FOR IMMEDIATE RELEASE
Dec. 6, 2010
NEW REPORT FINDS
MARRIAGE IN MIDDLE AMERICA IS IN TROUBLE
MARRIAGES OF COLLEGE EDUCATED STRONGER
THAN EVER; BUT UNWED CHILDBEARING, DIVORCE, & POOR MARITAL QUALITY ARE SURGING AMONG AMERICANS WHO HAVE JUST HIGH SCHOOL DEGREE
CHANGING VALUES, UNEMPLOYMENT, &
SECULARIZATION AT ROOT
New York, NY - December 6, 2010, 12:01 a.m.: Drawing on the latest national data, the 2010 issue of The State of Our Unions, "When Marriage Disappears: The Retreat from Marriage in Middle America," concludes that in Middle America, marriage is in trouble.
New data indicate that trends in nonmarital childbearing, divorce, and marital quality in Middle America increasingly resemble those of the poor, where marriage is fragile and weak. However, among the highly educated and affluent, marriage is stable and appears to be getting even stronger. "When Marriage Disappears" is the first report to address the causes of the retreat from marriage in Middle America; it finds that shifts in marriage attitudes, increases in unemployment, and declines in religious attendance are among the trends driving the retreat from marriage in Middle America. And in a striking reversal of historic trends, highly educated Americans are moving to embrace a pro-marriage mindset even as Middle Americans are losing faith in marriage. These are the main findings of the new report released today by the National Marriage Project at the University of Virginia and the Center for Marriage and Families at the Institute for American Values.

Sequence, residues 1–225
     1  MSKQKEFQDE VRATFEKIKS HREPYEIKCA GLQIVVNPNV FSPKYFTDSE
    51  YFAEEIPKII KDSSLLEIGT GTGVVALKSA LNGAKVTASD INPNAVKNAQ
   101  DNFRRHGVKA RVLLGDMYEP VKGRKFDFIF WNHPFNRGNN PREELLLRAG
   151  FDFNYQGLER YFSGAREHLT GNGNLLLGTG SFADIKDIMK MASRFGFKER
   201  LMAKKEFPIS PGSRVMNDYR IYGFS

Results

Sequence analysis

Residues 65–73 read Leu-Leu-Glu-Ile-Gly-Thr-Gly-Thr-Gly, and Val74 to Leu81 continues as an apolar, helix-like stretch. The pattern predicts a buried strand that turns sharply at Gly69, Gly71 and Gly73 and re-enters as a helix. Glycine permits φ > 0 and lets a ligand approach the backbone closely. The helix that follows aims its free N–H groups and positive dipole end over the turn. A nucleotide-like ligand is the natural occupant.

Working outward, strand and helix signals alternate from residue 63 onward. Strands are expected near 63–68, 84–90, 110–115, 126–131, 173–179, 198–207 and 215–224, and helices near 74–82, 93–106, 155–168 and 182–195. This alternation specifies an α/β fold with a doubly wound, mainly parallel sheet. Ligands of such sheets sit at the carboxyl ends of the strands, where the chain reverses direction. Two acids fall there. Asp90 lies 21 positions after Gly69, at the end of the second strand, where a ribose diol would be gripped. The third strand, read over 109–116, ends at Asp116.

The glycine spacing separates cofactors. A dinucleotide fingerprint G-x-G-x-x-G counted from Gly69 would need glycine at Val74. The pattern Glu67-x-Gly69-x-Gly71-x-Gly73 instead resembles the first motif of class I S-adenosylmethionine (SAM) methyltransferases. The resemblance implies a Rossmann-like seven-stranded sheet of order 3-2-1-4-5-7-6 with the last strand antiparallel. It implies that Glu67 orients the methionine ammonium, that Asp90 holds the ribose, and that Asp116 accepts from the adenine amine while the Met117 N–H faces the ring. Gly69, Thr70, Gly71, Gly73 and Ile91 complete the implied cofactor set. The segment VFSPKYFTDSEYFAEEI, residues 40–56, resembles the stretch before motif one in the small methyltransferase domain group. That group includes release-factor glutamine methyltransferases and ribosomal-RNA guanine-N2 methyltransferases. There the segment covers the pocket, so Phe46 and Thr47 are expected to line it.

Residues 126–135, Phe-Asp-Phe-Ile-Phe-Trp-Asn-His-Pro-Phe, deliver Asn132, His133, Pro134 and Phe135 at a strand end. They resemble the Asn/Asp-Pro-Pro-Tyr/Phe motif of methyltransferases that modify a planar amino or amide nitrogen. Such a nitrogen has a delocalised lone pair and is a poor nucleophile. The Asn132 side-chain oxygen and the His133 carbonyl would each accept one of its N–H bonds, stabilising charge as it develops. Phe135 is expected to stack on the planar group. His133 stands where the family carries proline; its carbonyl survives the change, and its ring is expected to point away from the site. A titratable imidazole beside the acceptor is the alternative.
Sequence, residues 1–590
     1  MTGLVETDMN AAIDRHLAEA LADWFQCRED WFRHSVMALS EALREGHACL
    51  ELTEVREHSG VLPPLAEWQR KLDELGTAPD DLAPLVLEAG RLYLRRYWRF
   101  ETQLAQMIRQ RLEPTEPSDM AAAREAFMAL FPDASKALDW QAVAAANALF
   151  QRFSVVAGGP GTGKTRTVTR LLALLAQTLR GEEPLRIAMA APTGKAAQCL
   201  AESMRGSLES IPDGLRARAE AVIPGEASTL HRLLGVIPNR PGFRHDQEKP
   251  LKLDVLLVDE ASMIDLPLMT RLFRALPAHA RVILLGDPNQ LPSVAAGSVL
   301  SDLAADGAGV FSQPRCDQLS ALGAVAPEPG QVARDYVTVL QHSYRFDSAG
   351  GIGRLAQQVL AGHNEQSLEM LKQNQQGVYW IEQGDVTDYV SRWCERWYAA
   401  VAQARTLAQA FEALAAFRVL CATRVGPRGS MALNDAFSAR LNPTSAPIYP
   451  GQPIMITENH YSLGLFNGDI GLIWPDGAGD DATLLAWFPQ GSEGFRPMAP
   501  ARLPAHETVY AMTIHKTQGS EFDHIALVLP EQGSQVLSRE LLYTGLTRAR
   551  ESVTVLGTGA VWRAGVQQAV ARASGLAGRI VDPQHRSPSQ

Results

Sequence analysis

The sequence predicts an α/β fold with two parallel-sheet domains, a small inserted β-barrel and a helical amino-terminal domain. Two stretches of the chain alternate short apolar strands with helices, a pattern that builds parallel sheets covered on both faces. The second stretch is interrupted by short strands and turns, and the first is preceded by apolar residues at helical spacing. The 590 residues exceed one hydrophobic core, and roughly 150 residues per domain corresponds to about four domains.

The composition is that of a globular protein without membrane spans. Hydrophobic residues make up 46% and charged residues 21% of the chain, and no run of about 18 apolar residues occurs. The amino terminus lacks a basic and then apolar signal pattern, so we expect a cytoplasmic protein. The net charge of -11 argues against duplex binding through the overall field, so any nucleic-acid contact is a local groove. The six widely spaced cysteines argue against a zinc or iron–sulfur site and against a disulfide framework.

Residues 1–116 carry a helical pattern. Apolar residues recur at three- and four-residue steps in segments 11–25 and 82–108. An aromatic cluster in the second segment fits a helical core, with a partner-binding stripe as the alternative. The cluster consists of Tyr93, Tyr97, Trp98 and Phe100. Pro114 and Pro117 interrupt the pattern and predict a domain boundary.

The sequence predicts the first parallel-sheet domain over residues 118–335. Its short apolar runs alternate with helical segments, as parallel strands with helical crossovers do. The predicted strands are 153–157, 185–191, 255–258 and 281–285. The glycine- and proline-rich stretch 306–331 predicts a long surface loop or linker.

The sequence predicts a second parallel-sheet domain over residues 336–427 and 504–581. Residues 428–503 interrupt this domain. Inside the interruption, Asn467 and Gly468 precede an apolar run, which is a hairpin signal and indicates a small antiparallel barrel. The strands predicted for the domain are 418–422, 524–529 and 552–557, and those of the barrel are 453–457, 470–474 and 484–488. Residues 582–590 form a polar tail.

THIS "MODERATELY EDUCATED" MIDDLE OF AMERICA
CONSTITUTES A FULL 58 PERCENT OF THE ADULT POPULATION.
The report finds: